By Hashim Abioye Esq

I think I can take a moment now to give an insight into and share my personal thoughts about the election petition filed by Governor Oyetola and his APC to challenge the outcome of the Osun 2022 Governorship election successfully conducted by INEC, thereby challenging the victory of the PDP’s candidate, Senator Ademola Jackson Nurudeen ADELEKE at the said Osun 2022 governorship polls.

For reason of strategy, technical plan and most especially keeping faithfulness to the admonition of the highly revered Learned Silks leading the Team of counsel for INEC, ADELEKE and the PDP, I have held my peace ✌and kept silent all the while, despite pressure from some quarters calling on me to share my personal view on the petition filed by Oyetola and his APC.

I think the replies filed by the respective respondents are now in the public domain and I think I can make some comments (not judgement) on the said petition, in reaction particularly to the bogus media package being given to the petition by some Oyetola’s counsel who have been marketing the petition in the media, going from one media house to another, and filling the social media space with their hypes, lies and propaganda. This is a long piece though, but I think readers will find it interesting.

Well, to start with, the petition is based on 3 grounds. Ground 1 is challenging the qualification of ADELEKE to contest the election on account of non-possession of the requisite educational qualification (O’ level) and on account of forgery. They are saying, particularly that ADELEKE claimed to have attended Ede Muslim Grammar School but that the document he presented bears Ede Muslim High School. They are also saying that ADELEKE forged his O’ level educational qualification in the forms he submitted to INEC when he contested in 2018 and that the degree certificate from Atlanta Metropolitan College, USA, as well the Diploma Certificate from Penn Foster College, USA which he attached to his nomination form to contest the Osun 2022 governorship were forged for the reason, according to the APC/Oyetola, that the Degree certificate was coming less than a month after the said Diploma certificate (which is O’level equivalent), thereby querying how ADELEKE could have obtained a degree less than a month after his o’ level. This is the premise of the ground of non-qualification of Oyetola’s petition.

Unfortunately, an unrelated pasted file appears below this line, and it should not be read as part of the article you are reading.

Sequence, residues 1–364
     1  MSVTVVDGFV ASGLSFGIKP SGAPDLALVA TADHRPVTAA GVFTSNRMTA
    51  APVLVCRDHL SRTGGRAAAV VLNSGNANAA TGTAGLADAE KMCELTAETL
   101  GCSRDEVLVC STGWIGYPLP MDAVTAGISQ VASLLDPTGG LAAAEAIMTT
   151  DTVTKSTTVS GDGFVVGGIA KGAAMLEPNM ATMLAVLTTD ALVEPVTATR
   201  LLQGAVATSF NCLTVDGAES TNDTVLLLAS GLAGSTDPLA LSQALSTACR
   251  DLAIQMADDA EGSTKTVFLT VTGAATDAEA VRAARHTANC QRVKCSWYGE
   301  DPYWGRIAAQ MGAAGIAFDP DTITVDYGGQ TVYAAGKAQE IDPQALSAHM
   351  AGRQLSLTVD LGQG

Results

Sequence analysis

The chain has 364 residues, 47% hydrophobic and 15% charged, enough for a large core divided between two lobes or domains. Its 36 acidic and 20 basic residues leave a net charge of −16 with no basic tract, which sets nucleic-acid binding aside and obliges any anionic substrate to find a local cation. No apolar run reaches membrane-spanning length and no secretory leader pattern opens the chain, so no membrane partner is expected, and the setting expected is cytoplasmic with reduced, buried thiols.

Well, I will answer that straight away without be-labouring the issue. First, any issue relating to ADELEKE’s o’ level qualification is res judicata that can never be re-opened by any court in the land again having been pronounced upon by the Court of Appeal (both Akure and Abuja Divisions) in separate appeals by different parties who questioned ADELEKE’s qualification in 2018. In fact, the Court of Appeal, Abuja Division declared that ADELEKE’s qualification having been earlier decided by the Court of Appeal, Akure, which judgment was not appealed against, it becomes a judgment in rem which binds the whole world, and that no court in the land can re-open same again. The judgment acknowledged that though there were administrative errors on the part of the author of ADELEKE’s o’ level results, since the document was not ADELEKE’s own making, and since it was established by evidence that ADELEKE actually sat for O’ level in 1981, the issue of his educational qualification to contest election is settled to finality. On this score, I doubt if the Osun Election Petition Tribunal can re-open and re-try the issue again. At any rate, ADELEKE’s qualification has a fortification in some judicial pronouncements in his favour. This alone without delving into other points has settled the issue of his qualification. In other words, whatever additional documents submitted by ADELEKE as his educational qualification to contest election can not be the basis of his qualification assessment since he is ordinarily qualified to contest the election. See AGI. V. PDP.